I want to buy 2 properties (one to live in and one to rent out). Would I need to get 2 different loans?
I've never bought an investment property before.
What does the bank want me to have in order to get a loan for an investment property?
What percentage do I need to put down? Is it 20% for investment properties?
Would I need to start an LLC? What kind of loans would I need for each? Do I need to live in the property for a year before I can rent it out? Where can I find Nevada real estate laws regarding this? How can I purchase properties under an LLC?
Are there any good books you can suggest?
I have 30% down payment and I am able to pay for both properties even if I can't rent the property out. I don't want to get in over my head. Is there anything else I need in addition to a real estate attorney?
I also have cash saved just in case something breaks in the home, I've never done this before so I'm looking for all the advice I can get before I jump in. Thank you.
- Marc FLv 510 years agoFavorite Answer
Yes, you'll need 2 loans.
A bank will rarely loan more than 75% of the value of a property on an investment. So you'll need 25% or more down.
You don't have to have an LLC, but I'd recommend starting one with at least one other person. A single member LLC doesn't provide any real liability benefit.
If you get an owner occupied loan, you'll need to live in the property at least 2 years before you rent it out, but if you're planning on renting it out at all, it's probably fraud.
Also, a bank will not loan to a brand new LLC, you'd have to have the loan in your name, and title the property to the LLC.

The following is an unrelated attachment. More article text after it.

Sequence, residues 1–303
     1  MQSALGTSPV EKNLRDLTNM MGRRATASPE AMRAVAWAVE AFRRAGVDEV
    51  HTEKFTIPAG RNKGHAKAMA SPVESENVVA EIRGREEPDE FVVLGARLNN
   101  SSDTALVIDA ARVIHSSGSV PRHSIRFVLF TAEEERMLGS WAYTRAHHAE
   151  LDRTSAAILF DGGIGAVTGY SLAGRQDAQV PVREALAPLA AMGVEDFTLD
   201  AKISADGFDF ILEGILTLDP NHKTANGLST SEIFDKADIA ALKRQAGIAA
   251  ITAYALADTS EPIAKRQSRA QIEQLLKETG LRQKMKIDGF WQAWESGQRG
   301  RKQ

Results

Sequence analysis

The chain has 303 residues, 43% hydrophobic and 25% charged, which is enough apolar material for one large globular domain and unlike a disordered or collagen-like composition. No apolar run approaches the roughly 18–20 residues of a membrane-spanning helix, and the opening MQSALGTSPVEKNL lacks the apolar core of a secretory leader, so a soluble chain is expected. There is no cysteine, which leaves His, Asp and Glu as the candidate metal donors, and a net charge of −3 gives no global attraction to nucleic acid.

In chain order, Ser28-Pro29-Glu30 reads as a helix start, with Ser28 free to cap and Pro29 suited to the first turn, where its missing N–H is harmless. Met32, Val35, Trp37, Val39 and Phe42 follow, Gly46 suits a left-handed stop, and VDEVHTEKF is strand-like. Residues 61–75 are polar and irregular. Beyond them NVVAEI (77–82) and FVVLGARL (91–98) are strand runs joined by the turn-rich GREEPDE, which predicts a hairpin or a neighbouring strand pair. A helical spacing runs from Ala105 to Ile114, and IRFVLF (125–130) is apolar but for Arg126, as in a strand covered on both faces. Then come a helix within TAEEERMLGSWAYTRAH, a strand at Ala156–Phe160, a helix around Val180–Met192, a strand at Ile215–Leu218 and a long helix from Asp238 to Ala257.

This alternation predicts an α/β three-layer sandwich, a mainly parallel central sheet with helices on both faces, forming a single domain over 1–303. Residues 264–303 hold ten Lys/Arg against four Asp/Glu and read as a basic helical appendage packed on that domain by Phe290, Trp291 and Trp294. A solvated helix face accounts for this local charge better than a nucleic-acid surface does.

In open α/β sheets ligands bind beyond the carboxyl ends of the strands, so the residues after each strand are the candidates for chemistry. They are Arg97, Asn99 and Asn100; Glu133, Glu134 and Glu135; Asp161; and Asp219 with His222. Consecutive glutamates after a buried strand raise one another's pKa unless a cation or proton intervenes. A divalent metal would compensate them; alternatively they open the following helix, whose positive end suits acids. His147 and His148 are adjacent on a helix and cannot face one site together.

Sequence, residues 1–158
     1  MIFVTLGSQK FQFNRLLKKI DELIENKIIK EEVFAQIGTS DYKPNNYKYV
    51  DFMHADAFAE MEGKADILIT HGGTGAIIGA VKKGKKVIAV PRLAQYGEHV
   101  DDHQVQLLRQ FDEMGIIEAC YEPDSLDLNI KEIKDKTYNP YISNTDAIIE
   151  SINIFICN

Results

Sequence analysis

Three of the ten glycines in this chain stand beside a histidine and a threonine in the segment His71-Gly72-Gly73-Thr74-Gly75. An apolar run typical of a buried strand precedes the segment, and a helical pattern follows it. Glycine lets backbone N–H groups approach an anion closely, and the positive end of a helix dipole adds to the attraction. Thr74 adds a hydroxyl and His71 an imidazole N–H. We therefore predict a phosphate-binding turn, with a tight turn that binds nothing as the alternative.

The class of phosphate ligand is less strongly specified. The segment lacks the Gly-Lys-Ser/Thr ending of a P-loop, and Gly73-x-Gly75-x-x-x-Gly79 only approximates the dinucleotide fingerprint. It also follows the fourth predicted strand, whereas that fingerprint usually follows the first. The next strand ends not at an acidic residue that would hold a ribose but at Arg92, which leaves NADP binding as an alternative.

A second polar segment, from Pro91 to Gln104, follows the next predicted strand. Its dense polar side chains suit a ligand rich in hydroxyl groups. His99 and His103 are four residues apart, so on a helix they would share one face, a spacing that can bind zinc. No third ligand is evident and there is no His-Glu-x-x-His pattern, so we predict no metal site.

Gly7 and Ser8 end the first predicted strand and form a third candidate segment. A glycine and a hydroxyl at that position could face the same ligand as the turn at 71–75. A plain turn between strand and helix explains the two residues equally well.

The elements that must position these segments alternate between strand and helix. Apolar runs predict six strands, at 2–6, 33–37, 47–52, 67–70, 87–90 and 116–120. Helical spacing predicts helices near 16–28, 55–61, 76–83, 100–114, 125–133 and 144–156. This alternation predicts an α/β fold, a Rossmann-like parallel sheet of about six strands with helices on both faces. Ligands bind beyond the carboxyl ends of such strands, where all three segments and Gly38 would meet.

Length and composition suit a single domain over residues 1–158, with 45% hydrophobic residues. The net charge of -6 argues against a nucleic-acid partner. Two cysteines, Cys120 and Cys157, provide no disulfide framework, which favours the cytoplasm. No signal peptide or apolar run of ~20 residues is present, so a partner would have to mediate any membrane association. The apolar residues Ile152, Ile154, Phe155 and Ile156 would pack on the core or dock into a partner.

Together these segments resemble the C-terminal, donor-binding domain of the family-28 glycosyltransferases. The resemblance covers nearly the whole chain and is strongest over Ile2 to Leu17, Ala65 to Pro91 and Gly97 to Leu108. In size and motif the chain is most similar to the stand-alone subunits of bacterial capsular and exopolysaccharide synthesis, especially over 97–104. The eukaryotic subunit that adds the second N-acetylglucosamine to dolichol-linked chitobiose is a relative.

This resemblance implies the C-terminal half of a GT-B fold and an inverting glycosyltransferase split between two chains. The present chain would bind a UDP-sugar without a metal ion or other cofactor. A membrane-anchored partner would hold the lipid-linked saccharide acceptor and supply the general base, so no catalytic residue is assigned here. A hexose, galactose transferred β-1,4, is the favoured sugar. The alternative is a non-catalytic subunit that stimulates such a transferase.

If you're looking for the best resource to learn about investment property, check out www.biggerpockets.com
- Ryan MLv 710 years ago
Yes, you need two loans since you are making two COMPLETELY separate purchases. If you were unable to afford one mortgage, would you REALLY want the bank to take BOTH properties?? You would need to have sufficient income to carry both loans. Potential rental income DOES NOT count. Also, you normally need 30% down for income properties. There are no "Nevada Laws" about this, because these are BANKING INDUSTRY standards. The state of Nevada has nothing to do with this. You need to hire a real estate attorney before you do anything. Going cheap by reading a "book" will get you into serious trouble.
- ?Lv 710 years ago
2 mortgages. The one you live in is a primary resident mortgage with the rate at 5% or less.
3.5% down for an FHA mortgage plus closing costs.
A commercial mortgage for the rental with the rate about 10% and you need 20% down plus closing costs. No you do not need to form a company to be a landlord
- kemperkLv 710 years ago
use your own cash.
there are no laws dealing with this;it is up to each lender.
IF your LLC is less than 4 yrs old and does not have a lot of cash flow and assets,
you can use the LLS but you must "insure/underwrite" [be held responsible] for all
loans made to it.........]Source(s): RE broker